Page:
There have been a few pretty interesting things online the past week.
This is a fascinating look at the lengths people will go to in order to coax gold from the ground to satiate the incredible demand for this particular metal: A Journey Into The World's Deepest Gold Mine. Few people give much thought as to where their gold comes from. We assume that just as our food magically appears in grocery stores each night to restock the shelves like manna, we assume that gold comes from jewelry stores. Well it doesn't. To meet the demand mining companies dig deeper and deeper into the earth where the rock is over 100 degrees and prospective miners are put through a stress test to make sure they won't overheat and die underground. Many still do, clawing the yellow metal from the earth in Africa to adorn the fingers, ears and neck of our loved ones. When you are in the mall passing a jeweler or see someone with an expensive gold necklace remember that people die to get that metal to America. It makes gold lose some of the luster.
The New York Times reports that the F.D.A. Restricts Antibiotics Use For Livestock. Thanks to the unnatural conditions industrialized livestock are raised in, disease runs rampant. To combat this farmers use huge amounts of antibiotics, even using them on non-ill animals to help them grow faster. This practice has made the livestock industry the largest consumer of antibiotics. No one really understand the impact of this massive use of livestock and what it means for humans. Does it leach into the ground water? Is it responsible for antibiotic resistant disease strains? This move by the F.D.A. is expected given the recent media coverage of this issue. I am not a big fan of government regulations but I am also not a big fan of having substances that might be harmful in my water supply, especially since we live very close to a hog confinement operation.
Income inequality and generational systemic poverty are also a major social issue today as the wealthiest among us seemingly get richer and the ranks of the poor who are dependent on government aid swells. Mona Charen looks at this issue and highlight the number one indicator of someone likely to end in poverty, namely not being married. In her essay The Marriage Divide she looks at the powerful evidence that moving away from a traditional marriage culture to one where many women, often through no fault of their own, are left to raise kids by themselves while the fathers move on to greener pastures. Unfortunately many of the most vocal advocates for the poor also are the most vociferous when it comes to creating the system that perpetuates this situation through single motherhood as well as undercutting what is rapidly becoming a luxury good for the well-to-do, traditional marriage and family.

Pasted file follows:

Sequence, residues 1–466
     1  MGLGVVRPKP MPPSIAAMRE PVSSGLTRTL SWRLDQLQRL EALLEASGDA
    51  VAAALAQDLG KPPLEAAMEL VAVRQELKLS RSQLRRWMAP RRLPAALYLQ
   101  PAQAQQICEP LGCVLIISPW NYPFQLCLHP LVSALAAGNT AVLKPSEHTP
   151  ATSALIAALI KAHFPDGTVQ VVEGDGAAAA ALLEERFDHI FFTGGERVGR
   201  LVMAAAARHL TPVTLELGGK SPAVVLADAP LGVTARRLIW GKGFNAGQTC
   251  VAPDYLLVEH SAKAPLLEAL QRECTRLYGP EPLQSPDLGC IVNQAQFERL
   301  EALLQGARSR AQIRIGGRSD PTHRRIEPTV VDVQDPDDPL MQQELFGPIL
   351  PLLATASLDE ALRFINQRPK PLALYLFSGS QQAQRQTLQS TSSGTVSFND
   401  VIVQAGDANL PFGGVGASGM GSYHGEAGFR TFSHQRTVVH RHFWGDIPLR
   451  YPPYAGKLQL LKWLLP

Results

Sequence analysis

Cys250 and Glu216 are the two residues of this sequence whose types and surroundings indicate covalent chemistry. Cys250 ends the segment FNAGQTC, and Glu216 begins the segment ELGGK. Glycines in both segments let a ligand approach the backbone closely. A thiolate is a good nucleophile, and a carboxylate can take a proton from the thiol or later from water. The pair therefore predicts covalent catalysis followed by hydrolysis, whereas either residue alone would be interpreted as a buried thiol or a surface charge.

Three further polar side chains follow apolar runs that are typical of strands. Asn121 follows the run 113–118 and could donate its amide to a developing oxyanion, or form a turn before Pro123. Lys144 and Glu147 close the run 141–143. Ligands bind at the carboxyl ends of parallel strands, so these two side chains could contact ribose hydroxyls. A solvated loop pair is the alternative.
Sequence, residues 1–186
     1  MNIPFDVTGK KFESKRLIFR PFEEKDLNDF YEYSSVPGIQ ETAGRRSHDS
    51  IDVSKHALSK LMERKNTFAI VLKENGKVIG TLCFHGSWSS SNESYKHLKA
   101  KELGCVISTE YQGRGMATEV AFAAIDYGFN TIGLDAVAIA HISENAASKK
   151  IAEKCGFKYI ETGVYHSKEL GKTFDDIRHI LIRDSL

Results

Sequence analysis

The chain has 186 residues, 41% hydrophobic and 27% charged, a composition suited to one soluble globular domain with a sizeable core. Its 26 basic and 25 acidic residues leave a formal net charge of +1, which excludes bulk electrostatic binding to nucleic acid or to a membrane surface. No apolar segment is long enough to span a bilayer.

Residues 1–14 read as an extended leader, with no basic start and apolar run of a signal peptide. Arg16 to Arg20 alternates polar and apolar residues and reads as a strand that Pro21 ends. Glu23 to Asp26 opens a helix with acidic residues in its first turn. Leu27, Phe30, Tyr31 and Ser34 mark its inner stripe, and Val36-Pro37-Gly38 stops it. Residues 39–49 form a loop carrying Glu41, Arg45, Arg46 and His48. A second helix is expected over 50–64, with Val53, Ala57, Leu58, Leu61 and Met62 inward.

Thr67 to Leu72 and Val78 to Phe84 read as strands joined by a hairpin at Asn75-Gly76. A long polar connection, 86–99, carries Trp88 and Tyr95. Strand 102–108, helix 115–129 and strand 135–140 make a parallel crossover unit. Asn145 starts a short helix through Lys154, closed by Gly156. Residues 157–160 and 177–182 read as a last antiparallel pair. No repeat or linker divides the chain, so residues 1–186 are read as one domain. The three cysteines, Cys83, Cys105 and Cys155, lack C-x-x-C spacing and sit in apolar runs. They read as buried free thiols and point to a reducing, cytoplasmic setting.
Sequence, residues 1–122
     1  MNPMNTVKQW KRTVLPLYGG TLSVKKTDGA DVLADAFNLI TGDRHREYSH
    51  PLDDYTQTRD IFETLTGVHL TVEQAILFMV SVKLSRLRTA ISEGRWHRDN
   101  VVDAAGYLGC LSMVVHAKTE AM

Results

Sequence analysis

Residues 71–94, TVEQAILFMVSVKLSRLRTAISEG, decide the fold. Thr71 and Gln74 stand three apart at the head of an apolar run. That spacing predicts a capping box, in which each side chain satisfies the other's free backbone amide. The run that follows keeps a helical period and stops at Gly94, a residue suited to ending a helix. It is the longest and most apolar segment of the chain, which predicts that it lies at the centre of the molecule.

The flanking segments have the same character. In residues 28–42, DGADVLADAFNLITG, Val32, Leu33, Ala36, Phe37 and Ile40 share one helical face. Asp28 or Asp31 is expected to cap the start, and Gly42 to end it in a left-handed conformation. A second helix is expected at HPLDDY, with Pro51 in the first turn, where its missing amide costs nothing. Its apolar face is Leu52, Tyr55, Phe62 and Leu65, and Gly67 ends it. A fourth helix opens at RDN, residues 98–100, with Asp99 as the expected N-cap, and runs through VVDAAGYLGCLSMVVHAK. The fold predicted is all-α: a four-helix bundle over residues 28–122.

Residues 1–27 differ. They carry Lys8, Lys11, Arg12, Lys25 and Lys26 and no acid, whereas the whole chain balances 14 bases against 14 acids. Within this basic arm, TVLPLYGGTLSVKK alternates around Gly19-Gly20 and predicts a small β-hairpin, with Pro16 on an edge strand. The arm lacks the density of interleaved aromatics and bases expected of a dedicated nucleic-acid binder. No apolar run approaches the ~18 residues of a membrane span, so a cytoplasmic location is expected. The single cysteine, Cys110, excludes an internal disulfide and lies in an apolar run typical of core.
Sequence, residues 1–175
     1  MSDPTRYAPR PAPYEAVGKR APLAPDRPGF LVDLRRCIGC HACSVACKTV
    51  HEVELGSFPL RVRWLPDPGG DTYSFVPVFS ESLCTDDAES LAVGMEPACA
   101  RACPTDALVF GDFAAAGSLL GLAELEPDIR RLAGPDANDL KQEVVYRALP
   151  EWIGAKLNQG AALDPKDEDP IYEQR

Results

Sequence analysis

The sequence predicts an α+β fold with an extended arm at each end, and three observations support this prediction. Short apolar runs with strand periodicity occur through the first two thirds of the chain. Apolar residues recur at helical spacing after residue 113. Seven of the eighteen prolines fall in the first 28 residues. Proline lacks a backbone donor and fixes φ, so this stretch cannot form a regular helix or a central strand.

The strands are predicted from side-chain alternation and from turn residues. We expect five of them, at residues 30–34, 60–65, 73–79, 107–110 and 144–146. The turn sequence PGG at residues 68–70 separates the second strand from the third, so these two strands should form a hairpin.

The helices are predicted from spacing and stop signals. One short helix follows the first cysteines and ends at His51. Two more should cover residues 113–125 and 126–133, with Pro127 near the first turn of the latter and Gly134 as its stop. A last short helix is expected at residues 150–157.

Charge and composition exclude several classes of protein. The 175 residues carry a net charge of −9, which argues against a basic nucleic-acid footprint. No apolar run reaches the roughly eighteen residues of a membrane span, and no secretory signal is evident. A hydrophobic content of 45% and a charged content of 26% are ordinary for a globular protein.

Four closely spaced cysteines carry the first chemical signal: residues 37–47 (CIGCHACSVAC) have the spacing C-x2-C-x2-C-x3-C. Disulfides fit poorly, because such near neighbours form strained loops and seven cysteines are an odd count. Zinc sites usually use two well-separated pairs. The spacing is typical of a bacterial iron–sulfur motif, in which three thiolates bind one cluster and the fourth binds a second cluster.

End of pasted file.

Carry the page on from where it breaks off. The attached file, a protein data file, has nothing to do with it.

Thabiti Anyabwile is one of the bright stars of the new Reformed movement. He is also unusual in that he is not a 30-40 year old white guy. His recent essay, What Are We Going to Do with Our “Crazy Confederate Uncles”?, looks at an issue that many of us don't even think much about, namely the fringe of the church that pines for the gold old days of the Confederacy. He writes:
Every theological family has, if you’ll permit me the term, their
“crazy uncles.” The uncles who are “not quite right,” who normally keep
to themselves in their own rooms and usually don’t bother anybody, but
occasionally need an intervention. The family knows they’re there and
wish they were better, healthier, and able to join the rest of the
family in the regular routines of the tribe, but for everybody’s sake
leave them in their rooms.
For us theologically reformed types, I call these folks our “crazy
Confederate uncles.” Somehow they’ve managed to hold onto the old
blending of southern Presbyterianism or Reformed theology and are trying
desperately to keep the old world in this new one. So, they make videos
and give speeches about the South being the “greatest Christian
civilization” or slavery “not being that bad.” They show up with
flammable comments whenever “racial issues” dominate the news, like when
a South African president dies or a teenage boy is killed. And it seems
that our “crazy Confederate uncles” have been out of their rooms a lot
lately, talking crazy about Christian hip-hop, interacting with the town
folks and leaving a lot of people aghast. Even as a family member, I’ve
been pretty embarrassed and sometimes angry.
Like I said, as a white guy in the north I don't see or at least notice this as much but it clearly is there. The issue of race is still an open wound in the church and for our black brothers and sisters this issue (as well as immigration for our Latino brothers and sisters) is an issue that causes division that is unhealthy and unhelpful. I am glad for brothers like Thabiti who will speak to these issues in a thoughtful, Cross centered and winsome way. We have had too much rancor and the world we are heading for is not one where we will have the "luxury" of dividing ourselves up based on race or ethnicity.
Tim Challies just today is starting a series on the ancient church councils. These councils are not well understood by many contemporary Christians but they have a lot to say about why the doctrines and practices of the church are what we are used to. Check out 7 Councils: The First Council of Nicea
That kind of wraps up this list. I have a lot of things I am reading, writing (for my blog and elsewhere) and thinking about. Perhaps they will show up on this page, I am really trying to get back in the habit of blogging more frequently.